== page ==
The Structure of the BfrB-Bfd Complex Reveals Protein-Protein Interactions Enabling Iron Release from Bacterioferritin.Yao, H., Wang, Y., Lovell, S., Kumar, R., Ruvinsky, A.M., Battaile, K.P., Vakser, I.A., Rivera, M.
(2012) J.Am.Chem.Soc. 134: 13470-13481
- PubMed: 22812654
- DOI: 10.1021/ja305180n
- PubMed Abstract:
Ferritin-like molecules are unique to cellular iron homeostasis because they can store iron at concentrations much higher than those dictated by the solubility of Fe(3+). Very little is known about the protein interactions that deliver iron for stora ...
Ferritin-like molecules are unique to cellular iron homeostasis because they can store iron at concentrations much higher than those dictated by the solubility of Fe(3+). Very little is known about the protein interactions that deliver iron for storage or promote the mobilization of stored iron from ferritin-like molecules. Here, we report the X-ray crystal structure of Pseudomonas aeruginosa bacterioferritin (Pa-BfrB) in complex with bacterioferritin-associated ferredoxin (Pa-Bfd) at 2.0 Å resolution. As the first example of a ferritin-like molecule in complex with a cognate partner, the structure provides unprecedented insight into the complementary interface that enables the [2Fe-2S] cluster of Pa-Bfd to promote heme-mediated electron transfer through the BfrB protein dielectric (~18 Å), a process that is necessary to reduce the core ferric mineral and facilitate mobilization of Fe(2+). The Pa-BfrB-Bfd complex also revealed the first structure of a Bfd, thus providing a first view to what appears to be a versatile metal binding domain ubiquitous to the large Fer2_BFD family of proteins and enzymes with diverse functions. Residues at the Pa-BfrB-Bfd interface are highly conserved in Bfr and Bfd sequences from a number of pathogenic bacteria, suggesting that the specific recognition between Pa-BfrB and Pa-Bfd is of widespread significance to the understanding of bacterial iron homeostasis.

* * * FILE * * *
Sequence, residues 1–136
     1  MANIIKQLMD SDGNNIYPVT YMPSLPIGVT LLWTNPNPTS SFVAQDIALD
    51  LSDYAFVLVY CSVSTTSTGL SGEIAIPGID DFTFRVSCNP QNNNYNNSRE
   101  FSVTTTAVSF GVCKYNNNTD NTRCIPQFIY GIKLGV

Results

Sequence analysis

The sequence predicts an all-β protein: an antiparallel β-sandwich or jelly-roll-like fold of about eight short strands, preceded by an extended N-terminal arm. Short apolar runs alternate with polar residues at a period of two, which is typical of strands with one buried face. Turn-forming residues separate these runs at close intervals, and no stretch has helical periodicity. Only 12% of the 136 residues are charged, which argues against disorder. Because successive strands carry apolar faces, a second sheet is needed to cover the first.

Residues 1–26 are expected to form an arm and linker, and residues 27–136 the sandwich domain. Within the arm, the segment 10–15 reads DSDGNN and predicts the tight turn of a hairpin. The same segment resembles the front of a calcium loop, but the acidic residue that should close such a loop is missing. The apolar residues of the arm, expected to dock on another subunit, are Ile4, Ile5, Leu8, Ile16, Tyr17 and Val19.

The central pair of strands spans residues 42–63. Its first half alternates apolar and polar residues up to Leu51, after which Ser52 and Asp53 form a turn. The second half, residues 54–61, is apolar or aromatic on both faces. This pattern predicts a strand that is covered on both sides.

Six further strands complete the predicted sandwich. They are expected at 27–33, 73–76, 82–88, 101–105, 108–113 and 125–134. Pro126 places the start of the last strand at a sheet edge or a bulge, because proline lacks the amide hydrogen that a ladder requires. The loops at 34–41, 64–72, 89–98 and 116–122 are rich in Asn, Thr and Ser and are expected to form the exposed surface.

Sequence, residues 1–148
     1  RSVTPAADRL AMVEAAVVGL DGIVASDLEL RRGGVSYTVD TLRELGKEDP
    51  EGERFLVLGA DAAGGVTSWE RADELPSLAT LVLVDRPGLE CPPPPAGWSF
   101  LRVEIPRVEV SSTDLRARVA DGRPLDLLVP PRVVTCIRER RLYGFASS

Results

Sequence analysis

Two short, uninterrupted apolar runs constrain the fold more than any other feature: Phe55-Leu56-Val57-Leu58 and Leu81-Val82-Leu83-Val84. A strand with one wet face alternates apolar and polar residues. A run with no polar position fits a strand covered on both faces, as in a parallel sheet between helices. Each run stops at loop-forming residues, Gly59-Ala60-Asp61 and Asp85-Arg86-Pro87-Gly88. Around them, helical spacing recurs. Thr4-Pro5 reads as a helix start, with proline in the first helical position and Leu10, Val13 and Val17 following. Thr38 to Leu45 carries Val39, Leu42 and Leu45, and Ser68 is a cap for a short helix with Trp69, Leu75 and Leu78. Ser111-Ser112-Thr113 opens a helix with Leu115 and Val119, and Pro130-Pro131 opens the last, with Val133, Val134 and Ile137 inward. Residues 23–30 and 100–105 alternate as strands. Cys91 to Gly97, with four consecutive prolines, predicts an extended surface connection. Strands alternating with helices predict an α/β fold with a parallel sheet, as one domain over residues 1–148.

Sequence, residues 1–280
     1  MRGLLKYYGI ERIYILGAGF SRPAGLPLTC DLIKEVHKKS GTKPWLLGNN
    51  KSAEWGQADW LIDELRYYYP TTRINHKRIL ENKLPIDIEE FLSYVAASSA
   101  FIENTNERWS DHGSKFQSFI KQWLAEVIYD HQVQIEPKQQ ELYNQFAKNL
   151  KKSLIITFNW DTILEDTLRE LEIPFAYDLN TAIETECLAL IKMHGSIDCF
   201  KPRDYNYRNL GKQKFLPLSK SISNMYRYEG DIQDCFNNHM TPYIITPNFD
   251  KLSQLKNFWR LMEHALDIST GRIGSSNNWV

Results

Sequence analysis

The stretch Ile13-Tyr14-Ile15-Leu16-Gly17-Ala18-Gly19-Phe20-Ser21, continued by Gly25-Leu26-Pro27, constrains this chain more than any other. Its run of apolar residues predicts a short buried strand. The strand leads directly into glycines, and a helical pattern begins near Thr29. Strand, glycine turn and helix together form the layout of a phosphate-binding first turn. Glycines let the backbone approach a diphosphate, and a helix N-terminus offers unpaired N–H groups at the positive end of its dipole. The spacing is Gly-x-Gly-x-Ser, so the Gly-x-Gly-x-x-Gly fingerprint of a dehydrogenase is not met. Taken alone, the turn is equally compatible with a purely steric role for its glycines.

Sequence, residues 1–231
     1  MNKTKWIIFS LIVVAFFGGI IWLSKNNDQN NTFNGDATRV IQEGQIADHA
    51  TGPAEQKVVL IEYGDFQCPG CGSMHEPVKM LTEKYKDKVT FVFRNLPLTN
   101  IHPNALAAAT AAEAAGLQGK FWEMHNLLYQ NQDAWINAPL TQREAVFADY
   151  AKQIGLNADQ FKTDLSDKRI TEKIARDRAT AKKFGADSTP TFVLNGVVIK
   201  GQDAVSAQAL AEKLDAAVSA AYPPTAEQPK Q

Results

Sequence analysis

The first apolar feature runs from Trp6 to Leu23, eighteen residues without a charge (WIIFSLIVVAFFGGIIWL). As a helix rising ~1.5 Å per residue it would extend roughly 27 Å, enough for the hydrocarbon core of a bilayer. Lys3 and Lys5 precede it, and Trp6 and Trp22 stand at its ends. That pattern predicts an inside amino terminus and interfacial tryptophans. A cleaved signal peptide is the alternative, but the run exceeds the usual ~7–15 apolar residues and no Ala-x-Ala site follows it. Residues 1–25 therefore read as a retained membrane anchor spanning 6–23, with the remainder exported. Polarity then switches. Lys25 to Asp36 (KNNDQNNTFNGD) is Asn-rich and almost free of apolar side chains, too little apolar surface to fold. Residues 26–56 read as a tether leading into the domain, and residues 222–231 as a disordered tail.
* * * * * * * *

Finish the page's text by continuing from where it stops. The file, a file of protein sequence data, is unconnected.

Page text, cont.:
Department of Chemistry, University of Kansas, Multidisciplinary Research Building, 2030 Becker Drive, Lawrence, Kansas 66047, USA.